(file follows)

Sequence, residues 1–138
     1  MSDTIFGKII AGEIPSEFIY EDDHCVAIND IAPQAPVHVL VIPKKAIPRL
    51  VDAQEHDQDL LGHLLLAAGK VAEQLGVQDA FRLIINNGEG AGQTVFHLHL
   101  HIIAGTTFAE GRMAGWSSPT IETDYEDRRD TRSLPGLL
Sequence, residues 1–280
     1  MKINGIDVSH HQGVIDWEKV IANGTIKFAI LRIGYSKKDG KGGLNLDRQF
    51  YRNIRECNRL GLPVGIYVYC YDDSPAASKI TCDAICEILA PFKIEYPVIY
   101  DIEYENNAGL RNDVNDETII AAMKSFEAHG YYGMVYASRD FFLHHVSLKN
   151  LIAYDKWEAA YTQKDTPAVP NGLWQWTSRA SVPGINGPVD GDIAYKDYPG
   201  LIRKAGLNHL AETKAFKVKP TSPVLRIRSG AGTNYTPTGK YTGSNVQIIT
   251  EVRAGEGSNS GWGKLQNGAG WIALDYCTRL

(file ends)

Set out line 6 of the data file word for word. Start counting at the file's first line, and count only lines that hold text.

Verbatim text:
     1  MKINGIDVSH HQGVIDWEKV IANGTIKFAI LRIGYSKKDG KGGLNLDRQF